Away Awhile

There is only one word on everyone’s minds at the moment. It’s on the news, on our phones, in our conversations, check-pointing us at supermarkets, schools and airports. It seems uncomfortable to talk about other things when the whole world is gripped in crisis, so the other option is to talk about the very same thing in a more comfortable way.

Here is a story: it is the semi-fictional journal entries of a child, based on what is happening. Unable to engage in the ‘war effort’ in many ways, here is one in which I can. The stories will come in chapters, or snippets between the episodes of breaking news, for calmer reading amidst the panic of the pandemic.

Things are moving faster than the chapters can keep up with, but let’s see how it goes. The story will take inspiration from real life scenarios; a little of the sad and grave aspects, a lot of the uplifting, rallying together aspects, all told from the voice of someone who kinda does and doesn’t get it at the same time.


Suitable to read to kids. Each chapter is around 400 words, with original illustrations.


Chapter One
No Spring in Sight

It has been storming for weeks, even though we are now in the middle of March. Spring is due but neither the garden nor the continuing need for blankets and heaters are giving me any sign of that. The only indication of the changing season are some pale blossoms which appeared on a few trees on the pavement – though those have been partly blown off by the winds.

But that is not the reason that I am sitting inside right now. I am quite happy to be out in the cold as long as I am wrapped up, and I’m not scared of the rain (not since I got my fancy new umbrella anyway). My friends and I might be sitting in Dally’s right now, admiring the volcanic clouds from the warmth of our lamp-lit table. Dally’s – Dalliance – is a shop run by Mrs Shawwal, an old Egyptian lady who dresses something like a Russian doll. She opened Dalliance as an alternative to coffee shops and patisseries, for those of us who aren’t very sweet-toothed, and who can’t quite hold the flavour of coffee beans. Her desserts are all savoury and the most popular drink on her menu is boiled honey water.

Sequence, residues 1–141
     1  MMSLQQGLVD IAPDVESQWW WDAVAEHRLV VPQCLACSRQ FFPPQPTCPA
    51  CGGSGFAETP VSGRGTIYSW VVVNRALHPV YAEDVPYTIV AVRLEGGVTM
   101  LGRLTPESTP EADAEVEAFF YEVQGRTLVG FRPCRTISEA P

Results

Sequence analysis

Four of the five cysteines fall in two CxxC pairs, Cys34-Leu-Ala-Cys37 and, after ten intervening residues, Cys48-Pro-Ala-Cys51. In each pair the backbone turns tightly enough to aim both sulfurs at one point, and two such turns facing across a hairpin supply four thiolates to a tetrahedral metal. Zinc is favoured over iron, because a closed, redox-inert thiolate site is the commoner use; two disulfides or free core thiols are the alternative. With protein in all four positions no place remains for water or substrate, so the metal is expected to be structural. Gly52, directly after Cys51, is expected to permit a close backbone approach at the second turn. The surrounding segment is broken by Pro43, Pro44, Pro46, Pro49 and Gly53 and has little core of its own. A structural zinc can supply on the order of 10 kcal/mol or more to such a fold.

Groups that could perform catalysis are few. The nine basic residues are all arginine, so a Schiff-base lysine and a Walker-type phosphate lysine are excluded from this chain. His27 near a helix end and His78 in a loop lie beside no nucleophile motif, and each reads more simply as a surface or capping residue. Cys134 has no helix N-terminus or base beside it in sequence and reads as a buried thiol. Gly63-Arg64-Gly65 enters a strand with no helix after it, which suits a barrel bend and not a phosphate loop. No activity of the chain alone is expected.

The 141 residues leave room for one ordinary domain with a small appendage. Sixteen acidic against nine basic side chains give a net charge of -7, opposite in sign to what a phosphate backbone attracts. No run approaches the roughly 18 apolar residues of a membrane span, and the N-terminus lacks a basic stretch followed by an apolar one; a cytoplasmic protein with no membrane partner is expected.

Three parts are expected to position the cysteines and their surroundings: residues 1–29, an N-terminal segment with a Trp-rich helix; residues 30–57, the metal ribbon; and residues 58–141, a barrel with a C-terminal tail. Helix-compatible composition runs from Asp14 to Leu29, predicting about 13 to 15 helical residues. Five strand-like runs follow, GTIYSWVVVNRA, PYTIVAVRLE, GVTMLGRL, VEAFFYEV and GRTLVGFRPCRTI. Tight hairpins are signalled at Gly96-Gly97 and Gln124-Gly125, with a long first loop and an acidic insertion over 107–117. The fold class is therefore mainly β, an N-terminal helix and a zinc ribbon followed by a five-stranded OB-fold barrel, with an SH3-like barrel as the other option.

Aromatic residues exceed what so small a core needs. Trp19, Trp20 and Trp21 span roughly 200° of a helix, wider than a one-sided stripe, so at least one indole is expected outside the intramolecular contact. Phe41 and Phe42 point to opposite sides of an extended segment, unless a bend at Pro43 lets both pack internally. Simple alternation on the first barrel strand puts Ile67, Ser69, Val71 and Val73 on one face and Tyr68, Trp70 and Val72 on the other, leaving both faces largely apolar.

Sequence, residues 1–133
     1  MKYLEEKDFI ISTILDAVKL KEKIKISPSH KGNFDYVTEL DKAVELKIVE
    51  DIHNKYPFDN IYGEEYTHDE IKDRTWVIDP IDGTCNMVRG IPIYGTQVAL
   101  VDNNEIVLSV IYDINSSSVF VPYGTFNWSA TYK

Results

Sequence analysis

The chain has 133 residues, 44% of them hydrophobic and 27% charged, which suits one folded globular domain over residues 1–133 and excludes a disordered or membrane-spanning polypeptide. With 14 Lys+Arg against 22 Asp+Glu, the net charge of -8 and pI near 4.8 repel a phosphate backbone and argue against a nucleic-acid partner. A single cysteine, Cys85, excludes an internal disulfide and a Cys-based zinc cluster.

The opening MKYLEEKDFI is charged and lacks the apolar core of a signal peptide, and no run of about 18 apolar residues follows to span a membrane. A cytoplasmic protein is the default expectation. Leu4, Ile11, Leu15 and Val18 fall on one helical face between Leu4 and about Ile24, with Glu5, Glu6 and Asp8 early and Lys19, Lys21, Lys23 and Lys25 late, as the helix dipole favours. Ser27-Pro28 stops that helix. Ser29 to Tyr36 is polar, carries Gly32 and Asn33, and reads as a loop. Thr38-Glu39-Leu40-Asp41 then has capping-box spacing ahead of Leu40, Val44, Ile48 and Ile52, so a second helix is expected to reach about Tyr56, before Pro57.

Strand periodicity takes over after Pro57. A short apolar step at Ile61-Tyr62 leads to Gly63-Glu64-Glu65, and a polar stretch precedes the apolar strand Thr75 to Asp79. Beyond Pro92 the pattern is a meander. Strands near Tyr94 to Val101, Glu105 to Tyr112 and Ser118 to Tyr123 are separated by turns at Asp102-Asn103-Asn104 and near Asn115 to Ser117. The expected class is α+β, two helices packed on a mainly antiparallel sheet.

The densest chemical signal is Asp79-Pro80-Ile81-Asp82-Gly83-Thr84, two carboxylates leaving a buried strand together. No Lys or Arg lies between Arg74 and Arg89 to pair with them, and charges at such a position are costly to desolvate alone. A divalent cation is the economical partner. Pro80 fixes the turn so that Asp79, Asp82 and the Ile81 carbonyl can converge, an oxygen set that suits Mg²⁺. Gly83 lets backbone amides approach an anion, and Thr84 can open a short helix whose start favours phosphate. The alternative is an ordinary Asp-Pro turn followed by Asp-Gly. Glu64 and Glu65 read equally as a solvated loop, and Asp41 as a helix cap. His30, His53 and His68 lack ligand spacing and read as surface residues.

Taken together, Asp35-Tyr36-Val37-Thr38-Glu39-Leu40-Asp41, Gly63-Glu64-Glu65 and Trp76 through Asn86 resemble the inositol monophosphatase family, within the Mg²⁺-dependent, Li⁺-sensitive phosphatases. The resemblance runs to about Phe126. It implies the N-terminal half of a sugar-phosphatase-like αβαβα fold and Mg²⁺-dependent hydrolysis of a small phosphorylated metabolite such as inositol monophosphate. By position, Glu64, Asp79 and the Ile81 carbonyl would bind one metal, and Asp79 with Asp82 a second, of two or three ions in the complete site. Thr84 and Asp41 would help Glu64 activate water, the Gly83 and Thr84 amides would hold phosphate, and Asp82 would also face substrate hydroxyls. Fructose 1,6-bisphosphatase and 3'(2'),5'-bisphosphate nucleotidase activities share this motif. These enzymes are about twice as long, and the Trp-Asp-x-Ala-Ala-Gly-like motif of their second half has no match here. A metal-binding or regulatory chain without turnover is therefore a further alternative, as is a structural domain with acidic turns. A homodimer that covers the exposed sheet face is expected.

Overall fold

My friends and I are not there though. We are all sitting by our windows on a group phone call, lamenting our house arrest. Our parents say we can’t go out together. School is also closed now for the most part. It’s because of this new virus that’s been going all around the place faster than anyone can stop it. It’s the first time I’ve actually felt a bit bad for the Prime Minister, because he’s been on the news every day, looking so stressed and tired that he might even be sick himself.

We can go outside, just not to places with other people. Even Jumuah has been cancelled. I’ve never known a Friday when Dad hasn’t gone to the Mosque. The countryside and parks are alright; trouble is, all of our parents are too stuck to the news screens to actually take us there! It’s very disruptive really. I can only imagine poor Mrs Shawwal opening her shop and wondering why there are no customers (because she doesn’t have a tv, so she might not know about the virus). She needs to be careful though because it seems to be worse off for the older people. My neighbour Uncle Brian also needs to make sure he stays in because he’s the oldest person I know (nearly 80!). Dad is going to check on him later when he gets back from work. It’s his last week out before he’s set to move into the office at home.

Chapter Two coming soon…